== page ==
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Conservation status: Introduced

This small owl was introduced to the UK in the 19th century. It can be seen in the daylight, usually perching on a tree branch, telegraph pole or rock. It will bob its head up and down when alarmed. In flight it has long, rounded wings, rapid wingbeats and flies with a slight undulation.

Breeding Bird Survey data suggest that Little owl numbers are declining, with the UK population estimated to be down by 24 per cent between 1995 and 2008.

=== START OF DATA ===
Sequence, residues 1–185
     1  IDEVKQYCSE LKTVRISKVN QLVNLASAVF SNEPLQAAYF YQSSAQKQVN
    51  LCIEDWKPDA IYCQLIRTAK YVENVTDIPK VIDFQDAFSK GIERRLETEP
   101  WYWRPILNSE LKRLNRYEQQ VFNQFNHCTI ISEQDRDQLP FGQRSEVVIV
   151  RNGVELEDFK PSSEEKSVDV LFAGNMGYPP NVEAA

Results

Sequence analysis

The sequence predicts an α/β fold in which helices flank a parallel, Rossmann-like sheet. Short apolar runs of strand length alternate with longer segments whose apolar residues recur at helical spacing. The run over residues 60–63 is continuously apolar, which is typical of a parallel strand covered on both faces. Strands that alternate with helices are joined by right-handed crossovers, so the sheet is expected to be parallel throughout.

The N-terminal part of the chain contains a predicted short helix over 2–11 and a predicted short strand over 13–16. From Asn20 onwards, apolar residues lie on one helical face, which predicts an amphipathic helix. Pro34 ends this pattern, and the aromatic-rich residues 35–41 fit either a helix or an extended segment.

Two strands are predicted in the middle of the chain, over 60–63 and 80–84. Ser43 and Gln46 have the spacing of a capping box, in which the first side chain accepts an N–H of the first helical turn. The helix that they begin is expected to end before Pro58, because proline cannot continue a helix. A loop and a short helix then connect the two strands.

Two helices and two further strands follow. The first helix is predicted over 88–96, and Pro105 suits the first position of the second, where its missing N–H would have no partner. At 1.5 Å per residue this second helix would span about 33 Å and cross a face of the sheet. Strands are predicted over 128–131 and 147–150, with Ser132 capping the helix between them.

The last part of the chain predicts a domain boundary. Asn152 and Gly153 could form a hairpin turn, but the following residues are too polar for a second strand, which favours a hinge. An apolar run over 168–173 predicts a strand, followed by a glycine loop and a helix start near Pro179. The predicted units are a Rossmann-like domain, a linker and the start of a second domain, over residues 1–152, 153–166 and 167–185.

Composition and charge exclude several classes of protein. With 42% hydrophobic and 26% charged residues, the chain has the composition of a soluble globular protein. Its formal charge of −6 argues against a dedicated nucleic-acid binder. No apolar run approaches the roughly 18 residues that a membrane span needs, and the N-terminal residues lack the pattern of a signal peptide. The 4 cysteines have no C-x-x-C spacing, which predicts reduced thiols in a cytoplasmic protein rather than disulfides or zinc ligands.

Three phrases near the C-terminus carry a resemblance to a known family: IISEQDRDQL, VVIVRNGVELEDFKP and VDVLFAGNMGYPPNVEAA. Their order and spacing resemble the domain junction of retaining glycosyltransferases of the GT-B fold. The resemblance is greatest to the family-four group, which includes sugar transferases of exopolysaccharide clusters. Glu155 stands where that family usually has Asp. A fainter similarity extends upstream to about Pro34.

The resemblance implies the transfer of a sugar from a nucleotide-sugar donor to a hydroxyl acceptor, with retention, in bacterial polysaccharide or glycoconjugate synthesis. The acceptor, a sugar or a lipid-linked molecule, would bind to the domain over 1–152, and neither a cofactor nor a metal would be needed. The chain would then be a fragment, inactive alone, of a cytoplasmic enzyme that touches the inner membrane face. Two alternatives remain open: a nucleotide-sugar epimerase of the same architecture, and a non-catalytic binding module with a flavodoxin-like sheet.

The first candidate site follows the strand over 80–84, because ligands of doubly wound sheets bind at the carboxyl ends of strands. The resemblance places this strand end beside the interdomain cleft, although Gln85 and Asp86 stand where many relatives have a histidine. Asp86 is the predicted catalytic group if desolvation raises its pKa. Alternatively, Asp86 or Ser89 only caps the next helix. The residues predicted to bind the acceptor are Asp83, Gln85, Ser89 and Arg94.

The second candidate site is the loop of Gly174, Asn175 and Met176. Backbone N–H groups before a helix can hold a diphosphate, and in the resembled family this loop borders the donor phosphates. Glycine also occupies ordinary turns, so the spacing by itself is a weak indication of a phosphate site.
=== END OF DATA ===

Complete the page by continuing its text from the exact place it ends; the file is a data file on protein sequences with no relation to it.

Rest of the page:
Illustrations

Overview

Latin name

Athene noctua

Family

Owls (Strigidae)

Where to see them

Found in England and Wales with a few in southern Scotland. It likes lowland farmland with hedges and copses, parkland and orchards. Most common in central, southern and south eastern England, and the Welsh borders.

When to see them

All year round, during the day. It hunts at night and dawn.

What they eat

Small mammals and birds, beetles and worms.

Population

EuropeUK breeding*UK wintering*UK passage*
-5,700 pairs--

Distribution

Key

Audio

Tomas Belka, Xeno-canto

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